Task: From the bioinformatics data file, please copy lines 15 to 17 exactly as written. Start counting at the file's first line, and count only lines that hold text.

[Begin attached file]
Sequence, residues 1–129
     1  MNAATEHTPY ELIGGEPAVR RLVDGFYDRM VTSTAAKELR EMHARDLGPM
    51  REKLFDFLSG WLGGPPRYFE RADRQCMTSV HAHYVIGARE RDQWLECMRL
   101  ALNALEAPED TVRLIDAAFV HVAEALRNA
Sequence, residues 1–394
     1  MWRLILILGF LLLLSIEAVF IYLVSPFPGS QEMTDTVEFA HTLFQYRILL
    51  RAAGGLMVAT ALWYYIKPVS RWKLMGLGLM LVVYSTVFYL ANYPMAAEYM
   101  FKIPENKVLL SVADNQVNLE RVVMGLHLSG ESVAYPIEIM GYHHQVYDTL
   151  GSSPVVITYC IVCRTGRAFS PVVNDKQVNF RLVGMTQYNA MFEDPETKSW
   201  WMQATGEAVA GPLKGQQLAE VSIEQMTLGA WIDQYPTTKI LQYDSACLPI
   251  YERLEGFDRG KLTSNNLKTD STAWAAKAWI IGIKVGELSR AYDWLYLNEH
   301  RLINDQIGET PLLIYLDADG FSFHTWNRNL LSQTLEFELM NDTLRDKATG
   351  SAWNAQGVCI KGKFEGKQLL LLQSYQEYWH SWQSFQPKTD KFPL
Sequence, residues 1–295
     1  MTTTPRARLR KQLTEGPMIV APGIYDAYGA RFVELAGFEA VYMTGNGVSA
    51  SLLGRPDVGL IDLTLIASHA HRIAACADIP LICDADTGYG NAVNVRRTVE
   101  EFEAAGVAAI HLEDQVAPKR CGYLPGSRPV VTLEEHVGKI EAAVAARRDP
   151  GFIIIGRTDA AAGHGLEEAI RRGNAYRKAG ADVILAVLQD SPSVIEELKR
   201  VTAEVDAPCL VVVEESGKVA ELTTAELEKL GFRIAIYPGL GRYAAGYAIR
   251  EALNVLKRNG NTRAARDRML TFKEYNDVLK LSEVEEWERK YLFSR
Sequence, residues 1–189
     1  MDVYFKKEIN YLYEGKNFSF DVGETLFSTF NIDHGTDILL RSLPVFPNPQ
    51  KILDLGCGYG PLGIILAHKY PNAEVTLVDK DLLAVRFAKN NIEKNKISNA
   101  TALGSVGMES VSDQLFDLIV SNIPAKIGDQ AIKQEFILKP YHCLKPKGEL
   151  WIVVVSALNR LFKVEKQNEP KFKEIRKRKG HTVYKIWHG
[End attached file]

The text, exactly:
     1  MTTTPRARLR KQLTEGPMIV APGIYDAYGA RFVELAGFEA VYMTGNGVSA
    51  SLLGRPDVGL IDLTLIASHA HRIAACADIP LICDADTGYG NAVNVRRTVE
   101  EFEAAGVAAI HLEDQVAPKR CGYLPGSRPV VTLEEHVGKI EAAVAARRDP